Trademark is a complicated area of law, and we can't give you all the answers because lawyers would then hunt us down and kill us with pointy sticks. We can, however, provide you with the procedure for registering your very own federal trademark and explain some of the legal issues around doing so. The lawyers will allow us to do this, and they probably won't bother you, either, unless you infringe on one of their clients' trademarks. Then it's back to the pointy sticks.

By the way, we warn you ahead of time that the trademark search (step 2) is by far the worst part of registering a trademark. Once the search is over, it's pretty much clear sailing. Don't give up just because the search seems daunting.


Before we burst into song about trademark law (and it's awfully tempting), you should know about the three different types of protection that exist whenever you want to protect an idea you came up with:

A Trademark…

Protects a word, phrase, symbol, design, or combination of these things. Basically, you get something trademarked to protect your product's name, logos, and such ilk. Examples of trademarked items are the names "Coke," "Coca-cola," "McDonald's," the McDonald's golden M logo, stuff like that. In a nutshell, you can only trademark a clever little word, catch phrase, or design, and use it to market your goods and services. Here's the technical legalese definition of a trademark:

The U.S. Patent and Trademark Office (USPTO) defines trademarks and service marks as follows:

    "A TRADEMARK is either a word, phrase, symbol or design, or combination of words, phrases, symbols or designs, which identifies and distinguishes the source of the goods or services of one party from those of others. A service mark is the same as a trademark except that it identifies and distinguishes the source of a service rather than a product." Furthermore, "a mark for goods appears on the product or on its packaging, while a service mark appears in advertising for the services."

A Patent…

Protects the physical characteristics of a new invention, or a new procedure. We won't get into the gory details. Not yet, anyway. SoYouWanna patent something is still in production...

A Copyright…

Protects an original expression (artistic or otherwise). Music, art, books, and website articles all get copyrighted.

But wait, couldn't a lot of these things overlap? When does a phrase become long enough so that it no longer needs a trademark, but a copyright? Well… it can get mushy, but do your best. If your phrase or logo exists as a means for you to sell a product, then you're probably looking for a trademark.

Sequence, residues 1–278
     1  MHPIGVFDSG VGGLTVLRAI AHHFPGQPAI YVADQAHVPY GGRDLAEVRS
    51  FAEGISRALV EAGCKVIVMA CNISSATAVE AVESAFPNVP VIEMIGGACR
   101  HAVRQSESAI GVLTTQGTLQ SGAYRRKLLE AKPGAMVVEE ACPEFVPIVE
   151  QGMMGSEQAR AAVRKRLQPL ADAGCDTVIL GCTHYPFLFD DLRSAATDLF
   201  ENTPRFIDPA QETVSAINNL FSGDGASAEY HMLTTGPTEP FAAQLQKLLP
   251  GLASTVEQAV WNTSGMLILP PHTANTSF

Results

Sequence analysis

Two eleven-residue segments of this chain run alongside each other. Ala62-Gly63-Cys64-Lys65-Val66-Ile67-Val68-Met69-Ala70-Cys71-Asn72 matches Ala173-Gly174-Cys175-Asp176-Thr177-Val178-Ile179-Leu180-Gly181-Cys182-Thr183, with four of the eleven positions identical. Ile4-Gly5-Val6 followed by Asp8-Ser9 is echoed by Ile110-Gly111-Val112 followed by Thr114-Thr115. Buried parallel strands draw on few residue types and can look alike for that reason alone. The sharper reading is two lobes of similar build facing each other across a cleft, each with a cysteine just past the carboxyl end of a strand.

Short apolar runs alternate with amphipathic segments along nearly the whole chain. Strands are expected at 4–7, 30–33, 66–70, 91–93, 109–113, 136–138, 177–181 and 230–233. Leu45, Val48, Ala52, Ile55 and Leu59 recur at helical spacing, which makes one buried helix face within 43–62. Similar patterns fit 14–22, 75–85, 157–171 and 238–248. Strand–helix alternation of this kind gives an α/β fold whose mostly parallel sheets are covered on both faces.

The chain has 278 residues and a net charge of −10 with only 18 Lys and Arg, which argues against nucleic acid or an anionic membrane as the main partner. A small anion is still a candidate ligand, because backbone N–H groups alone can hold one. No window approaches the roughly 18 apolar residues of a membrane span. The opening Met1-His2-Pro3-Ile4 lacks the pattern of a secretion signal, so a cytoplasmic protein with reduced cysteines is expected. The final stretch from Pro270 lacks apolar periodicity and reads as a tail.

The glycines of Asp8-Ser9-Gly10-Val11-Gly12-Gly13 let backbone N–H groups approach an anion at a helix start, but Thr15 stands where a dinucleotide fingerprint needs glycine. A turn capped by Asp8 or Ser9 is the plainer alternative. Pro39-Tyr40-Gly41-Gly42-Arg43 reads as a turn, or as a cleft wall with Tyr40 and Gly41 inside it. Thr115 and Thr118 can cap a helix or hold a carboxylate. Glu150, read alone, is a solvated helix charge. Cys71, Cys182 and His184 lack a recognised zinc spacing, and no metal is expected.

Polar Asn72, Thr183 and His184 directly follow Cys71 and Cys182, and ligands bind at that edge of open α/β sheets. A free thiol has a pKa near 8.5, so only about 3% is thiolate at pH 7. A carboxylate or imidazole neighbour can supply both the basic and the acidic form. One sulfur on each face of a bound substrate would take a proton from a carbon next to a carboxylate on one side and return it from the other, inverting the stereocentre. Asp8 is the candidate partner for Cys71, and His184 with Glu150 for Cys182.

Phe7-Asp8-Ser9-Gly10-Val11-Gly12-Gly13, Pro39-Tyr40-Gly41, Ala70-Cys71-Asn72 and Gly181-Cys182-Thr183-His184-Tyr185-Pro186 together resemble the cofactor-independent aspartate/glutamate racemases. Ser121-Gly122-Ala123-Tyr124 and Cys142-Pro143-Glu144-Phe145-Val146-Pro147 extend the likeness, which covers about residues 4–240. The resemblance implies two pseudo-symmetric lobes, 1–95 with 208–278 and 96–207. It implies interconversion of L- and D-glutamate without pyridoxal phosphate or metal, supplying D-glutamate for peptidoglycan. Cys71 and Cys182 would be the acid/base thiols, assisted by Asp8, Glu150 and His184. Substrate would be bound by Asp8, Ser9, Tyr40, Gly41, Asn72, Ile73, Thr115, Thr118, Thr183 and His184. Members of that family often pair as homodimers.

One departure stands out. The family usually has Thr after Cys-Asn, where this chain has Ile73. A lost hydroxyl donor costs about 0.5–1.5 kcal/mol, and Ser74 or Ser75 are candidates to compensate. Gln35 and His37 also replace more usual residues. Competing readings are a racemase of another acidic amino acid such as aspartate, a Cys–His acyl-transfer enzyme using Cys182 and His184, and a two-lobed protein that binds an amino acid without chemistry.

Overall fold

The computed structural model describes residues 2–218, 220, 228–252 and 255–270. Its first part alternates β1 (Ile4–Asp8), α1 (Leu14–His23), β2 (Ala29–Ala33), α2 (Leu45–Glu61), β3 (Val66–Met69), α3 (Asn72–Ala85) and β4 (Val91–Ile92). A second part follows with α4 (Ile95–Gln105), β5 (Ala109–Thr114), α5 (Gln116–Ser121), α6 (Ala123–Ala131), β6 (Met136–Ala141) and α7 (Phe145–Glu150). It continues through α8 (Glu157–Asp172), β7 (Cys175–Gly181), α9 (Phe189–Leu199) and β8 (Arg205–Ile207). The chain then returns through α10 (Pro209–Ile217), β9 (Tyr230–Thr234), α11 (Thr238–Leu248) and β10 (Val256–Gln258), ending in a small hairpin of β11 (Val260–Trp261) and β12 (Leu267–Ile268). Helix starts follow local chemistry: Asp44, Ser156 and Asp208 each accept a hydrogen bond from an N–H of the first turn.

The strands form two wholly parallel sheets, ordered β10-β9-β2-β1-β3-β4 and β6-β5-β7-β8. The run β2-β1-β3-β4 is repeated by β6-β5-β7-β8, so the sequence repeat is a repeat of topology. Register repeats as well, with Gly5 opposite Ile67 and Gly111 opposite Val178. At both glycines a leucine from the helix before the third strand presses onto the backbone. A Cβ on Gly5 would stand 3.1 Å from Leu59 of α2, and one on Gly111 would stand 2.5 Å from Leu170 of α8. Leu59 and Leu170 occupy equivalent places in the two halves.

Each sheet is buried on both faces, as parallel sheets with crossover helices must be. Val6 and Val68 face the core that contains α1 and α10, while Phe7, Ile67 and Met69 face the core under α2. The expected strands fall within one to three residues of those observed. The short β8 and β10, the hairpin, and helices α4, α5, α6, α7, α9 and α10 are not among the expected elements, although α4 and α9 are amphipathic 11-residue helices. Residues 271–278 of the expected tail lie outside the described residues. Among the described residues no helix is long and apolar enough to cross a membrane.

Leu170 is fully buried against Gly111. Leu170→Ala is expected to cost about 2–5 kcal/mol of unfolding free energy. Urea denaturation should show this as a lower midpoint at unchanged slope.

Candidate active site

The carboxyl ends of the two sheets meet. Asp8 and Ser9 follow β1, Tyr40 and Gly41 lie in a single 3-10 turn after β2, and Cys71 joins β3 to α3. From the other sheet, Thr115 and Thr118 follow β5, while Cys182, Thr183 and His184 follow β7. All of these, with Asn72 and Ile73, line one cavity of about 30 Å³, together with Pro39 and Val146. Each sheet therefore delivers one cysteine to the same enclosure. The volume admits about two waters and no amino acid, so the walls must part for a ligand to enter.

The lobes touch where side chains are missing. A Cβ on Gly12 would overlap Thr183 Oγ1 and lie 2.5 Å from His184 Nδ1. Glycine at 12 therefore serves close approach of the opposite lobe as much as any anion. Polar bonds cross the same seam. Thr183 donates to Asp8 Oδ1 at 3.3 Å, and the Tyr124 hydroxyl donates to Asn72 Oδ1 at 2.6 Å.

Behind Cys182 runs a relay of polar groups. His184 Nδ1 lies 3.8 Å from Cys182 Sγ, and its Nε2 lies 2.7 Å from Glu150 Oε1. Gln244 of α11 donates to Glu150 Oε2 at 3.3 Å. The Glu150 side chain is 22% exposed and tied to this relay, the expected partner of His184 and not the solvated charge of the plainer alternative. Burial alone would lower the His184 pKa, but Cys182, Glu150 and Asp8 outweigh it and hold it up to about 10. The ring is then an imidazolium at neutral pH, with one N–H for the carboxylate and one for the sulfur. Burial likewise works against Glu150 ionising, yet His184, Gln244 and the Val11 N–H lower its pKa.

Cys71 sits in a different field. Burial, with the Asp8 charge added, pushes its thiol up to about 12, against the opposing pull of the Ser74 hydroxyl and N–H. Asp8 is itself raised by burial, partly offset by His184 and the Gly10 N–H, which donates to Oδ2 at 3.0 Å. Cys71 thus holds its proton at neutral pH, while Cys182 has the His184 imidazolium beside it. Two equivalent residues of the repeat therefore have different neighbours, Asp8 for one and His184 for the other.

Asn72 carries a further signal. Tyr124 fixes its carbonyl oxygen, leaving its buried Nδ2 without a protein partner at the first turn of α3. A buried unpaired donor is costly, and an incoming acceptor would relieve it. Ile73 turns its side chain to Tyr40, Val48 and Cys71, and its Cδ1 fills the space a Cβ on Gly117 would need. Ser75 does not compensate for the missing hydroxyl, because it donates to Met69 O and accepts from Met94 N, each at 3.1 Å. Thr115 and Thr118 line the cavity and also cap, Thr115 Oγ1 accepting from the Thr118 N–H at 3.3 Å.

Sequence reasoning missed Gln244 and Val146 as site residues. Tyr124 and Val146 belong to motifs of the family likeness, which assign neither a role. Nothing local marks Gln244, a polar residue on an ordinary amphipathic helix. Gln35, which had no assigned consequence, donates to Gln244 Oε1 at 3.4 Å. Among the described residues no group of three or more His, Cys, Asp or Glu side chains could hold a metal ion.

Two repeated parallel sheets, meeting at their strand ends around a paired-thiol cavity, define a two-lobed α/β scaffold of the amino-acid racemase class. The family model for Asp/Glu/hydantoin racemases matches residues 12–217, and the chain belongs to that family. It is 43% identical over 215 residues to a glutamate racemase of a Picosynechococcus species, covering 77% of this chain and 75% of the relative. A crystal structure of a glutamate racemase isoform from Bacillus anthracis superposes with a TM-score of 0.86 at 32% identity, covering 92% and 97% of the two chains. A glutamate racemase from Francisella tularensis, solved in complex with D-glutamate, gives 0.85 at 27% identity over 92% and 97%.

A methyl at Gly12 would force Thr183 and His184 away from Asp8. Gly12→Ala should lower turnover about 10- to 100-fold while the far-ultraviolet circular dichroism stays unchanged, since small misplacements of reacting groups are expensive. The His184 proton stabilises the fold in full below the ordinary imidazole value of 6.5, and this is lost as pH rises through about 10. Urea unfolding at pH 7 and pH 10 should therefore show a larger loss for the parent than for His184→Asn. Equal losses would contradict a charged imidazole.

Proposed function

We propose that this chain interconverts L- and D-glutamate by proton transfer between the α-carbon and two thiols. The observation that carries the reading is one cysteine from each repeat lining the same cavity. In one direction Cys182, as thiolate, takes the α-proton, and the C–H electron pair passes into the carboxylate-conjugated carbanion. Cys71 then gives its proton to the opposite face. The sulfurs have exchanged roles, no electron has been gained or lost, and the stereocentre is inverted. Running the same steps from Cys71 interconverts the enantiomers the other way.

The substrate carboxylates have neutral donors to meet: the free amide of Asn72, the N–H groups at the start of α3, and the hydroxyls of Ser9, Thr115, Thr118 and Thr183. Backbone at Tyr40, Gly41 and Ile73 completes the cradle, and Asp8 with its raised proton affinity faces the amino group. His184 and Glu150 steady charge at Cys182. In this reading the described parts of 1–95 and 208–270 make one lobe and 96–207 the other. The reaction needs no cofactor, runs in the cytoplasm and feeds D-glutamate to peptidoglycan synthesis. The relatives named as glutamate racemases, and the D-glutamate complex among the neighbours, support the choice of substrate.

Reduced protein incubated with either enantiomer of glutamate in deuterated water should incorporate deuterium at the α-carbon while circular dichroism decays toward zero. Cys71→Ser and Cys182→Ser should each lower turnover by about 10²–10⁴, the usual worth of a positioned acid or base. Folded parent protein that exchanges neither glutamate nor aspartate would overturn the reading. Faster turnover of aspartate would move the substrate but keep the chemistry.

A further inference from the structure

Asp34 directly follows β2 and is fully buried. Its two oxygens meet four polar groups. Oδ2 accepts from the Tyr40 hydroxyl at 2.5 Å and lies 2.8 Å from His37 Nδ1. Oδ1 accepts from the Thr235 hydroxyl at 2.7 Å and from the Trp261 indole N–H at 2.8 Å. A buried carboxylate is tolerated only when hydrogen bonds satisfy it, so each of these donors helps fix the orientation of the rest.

There are two systems of trademark law: common law and federal. In order to get common law trademark protection you have to use the trademark only within your state. This is for purely local business (you open a Mom & Pop store in your backyard). However, unless your business will definitely be limited to one state and you don't plan to use the Internet, it is best to register your trademark for federal protection. Even if you don't think that you're ever going to expand out of state, you should still go for federal protection, because if you're ever going to purchase from or sell to out-of-state, that qualifies as interstate commerce. We'll jump into that barrel of monkeys later on in step 3. So go for the federal trademark. That is what this SYW explains how to do.

Incidentally, when you use a trademark before it has been registered, you should always put a TM (for a trademark) or a SM (for a service mark) in small letters next to the trademark. You may not use the R in a circle design (which is reserved for federally registered trademarks) next to your trademark until after it has been registered, by which we mean after your application has been received, processed, and accepted, not just after you fill out the form.

Wait, wait - what happens if you use the phrase that you're trying to get trademarked, but then find out that someone else is using it? Well, it depends. If you began using the phrase first, even before you went through the legal processes, you have dibs over the other person. Proving who used the phrase first can be difficult and costs lotsa money in court, so don't bother waiting. Our point: once when you come up with your golden idea, g'head and apply for a trademark.